People often ask advice on which birdbath is best for their garden and their circumstances. In this post, I outline the best way to choose the right birdbath.
For most suburban gardens, where the gardener is interested in attracting more local birdlife, the default dish to choose is the large spun copper dish. This dish is recommended because it is wide enough to allow medium to large birds to splash around even when there is a rock added as a landing platform. The supplied mounting ring, which doesn’t have to be used, allows the dish to be easily mounted on any flat surface such as levelled stumps, rocks, retaining walls etc. A great way to mount the large dish is on the edge of a raised planter bed.
If budget allows, the most versatile of the stands offered are the three steel stands each of different height. The medium height stand (75cm) is, perhaps, the most classically proportioned, and is just high enough to allow a small shrub or grass to be planted underneath it. The low stand (51cm) allows the dish to sit amongst low planting, easily hiding the structure beneath it and giving it a floating appearance. The tall stand (1m) is designed to protect bath birdlife from pet dogs and cats. It is also sometimes used to float a dish amongst taller planting.
The sandstone plinth can be used two ways. Its commanding presence allows it to make a statement as a garden feature centred in an open courtyard or gardening space. That said, it can also be used to great effect positioned within a planted garden bed, rising out of the ground with great confidence. Of course, sandstone is a fantastic complimentary material to native Australian plants.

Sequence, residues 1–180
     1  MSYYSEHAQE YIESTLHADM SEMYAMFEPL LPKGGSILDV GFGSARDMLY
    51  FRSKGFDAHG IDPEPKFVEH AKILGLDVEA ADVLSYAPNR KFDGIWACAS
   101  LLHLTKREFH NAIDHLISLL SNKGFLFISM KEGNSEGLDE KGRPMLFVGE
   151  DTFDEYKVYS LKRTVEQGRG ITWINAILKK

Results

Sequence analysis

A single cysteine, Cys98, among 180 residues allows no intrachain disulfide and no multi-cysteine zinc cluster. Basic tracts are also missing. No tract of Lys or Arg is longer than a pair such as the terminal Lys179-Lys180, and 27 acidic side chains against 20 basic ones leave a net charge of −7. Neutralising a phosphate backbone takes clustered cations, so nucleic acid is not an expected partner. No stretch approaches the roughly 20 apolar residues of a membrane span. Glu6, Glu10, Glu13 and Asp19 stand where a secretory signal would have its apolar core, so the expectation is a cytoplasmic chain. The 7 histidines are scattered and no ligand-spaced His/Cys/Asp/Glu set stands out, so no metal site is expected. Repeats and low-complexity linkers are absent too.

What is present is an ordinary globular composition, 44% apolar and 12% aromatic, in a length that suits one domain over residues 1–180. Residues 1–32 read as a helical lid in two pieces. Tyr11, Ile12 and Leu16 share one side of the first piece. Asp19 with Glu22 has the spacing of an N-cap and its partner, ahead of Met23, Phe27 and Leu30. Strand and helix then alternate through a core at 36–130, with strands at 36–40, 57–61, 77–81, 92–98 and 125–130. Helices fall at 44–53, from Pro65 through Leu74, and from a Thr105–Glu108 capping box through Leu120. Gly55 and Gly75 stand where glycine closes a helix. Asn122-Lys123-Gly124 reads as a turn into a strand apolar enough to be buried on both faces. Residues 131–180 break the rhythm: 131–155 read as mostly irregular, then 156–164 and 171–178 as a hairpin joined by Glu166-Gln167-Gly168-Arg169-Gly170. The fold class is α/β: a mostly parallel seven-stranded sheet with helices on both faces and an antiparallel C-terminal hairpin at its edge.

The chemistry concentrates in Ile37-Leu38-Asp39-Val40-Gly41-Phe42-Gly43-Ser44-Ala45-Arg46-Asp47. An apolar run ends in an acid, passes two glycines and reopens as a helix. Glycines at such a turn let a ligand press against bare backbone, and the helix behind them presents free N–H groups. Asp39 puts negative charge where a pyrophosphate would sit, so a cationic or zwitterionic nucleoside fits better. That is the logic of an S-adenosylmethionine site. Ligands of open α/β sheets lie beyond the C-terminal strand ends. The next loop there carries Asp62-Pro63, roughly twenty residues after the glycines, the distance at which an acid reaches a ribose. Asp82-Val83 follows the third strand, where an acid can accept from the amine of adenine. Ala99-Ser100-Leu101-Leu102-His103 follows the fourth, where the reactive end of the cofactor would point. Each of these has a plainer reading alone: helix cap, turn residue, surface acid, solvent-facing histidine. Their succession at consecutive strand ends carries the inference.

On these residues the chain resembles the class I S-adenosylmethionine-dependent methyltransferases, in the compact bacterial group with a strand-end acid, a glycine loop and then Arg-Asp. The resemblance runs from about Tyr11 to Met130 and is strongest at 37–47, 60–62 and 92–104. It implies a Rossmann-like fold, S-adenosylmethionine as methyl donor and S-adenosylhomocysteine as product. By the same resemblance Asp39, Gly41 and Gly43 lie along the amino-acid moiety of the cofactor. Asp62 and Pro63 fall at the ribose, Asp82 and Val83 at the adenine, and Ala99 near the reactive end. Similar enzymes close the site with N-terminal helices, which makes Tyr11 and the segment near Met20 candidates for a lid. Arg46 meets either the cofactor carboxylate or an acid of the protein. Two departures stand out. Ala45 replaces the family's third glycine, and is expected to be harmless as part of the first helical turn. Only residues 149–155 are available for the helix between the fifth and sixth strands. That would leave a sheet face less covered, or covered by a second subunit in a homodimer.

The medium dish is designed for those who have a smaller garden or wish to spend a little less. The medium dish can accomodate the bathing needs of medium sized birds. The small and medium height steel stands can be used to support it, but the tall steel stand is perhaps too tall to offer pleasant proportions with the medium dish. A copper mounting ring is also provided with this dish.
The mini dish is designed specifically to serve small birds. Because of its reduced size (and hence strength) the mini dish is very effective tossed under small bushes where the smaller birds like to hide from predators. Of course, if you have stray cats visiting your garden, consider elevating it a foot or two. Again, a stump or perhaps an improvised mount made from branches may function well to hold the dish off the ground.
The extra large dish is a different beast. It is designed largely for dramatic effect. Carefully positioned in a garden it will serve as a reflection pool, allowing the eye to catch glimpses of trees silhouetted against the blue sky. With a mild breeze, the water in the extra large dish will ripple gently providing movement and interest for the garden wanderer. Of course, the extra large will also serve the needs of birds particularly if landing platforms are provided within it.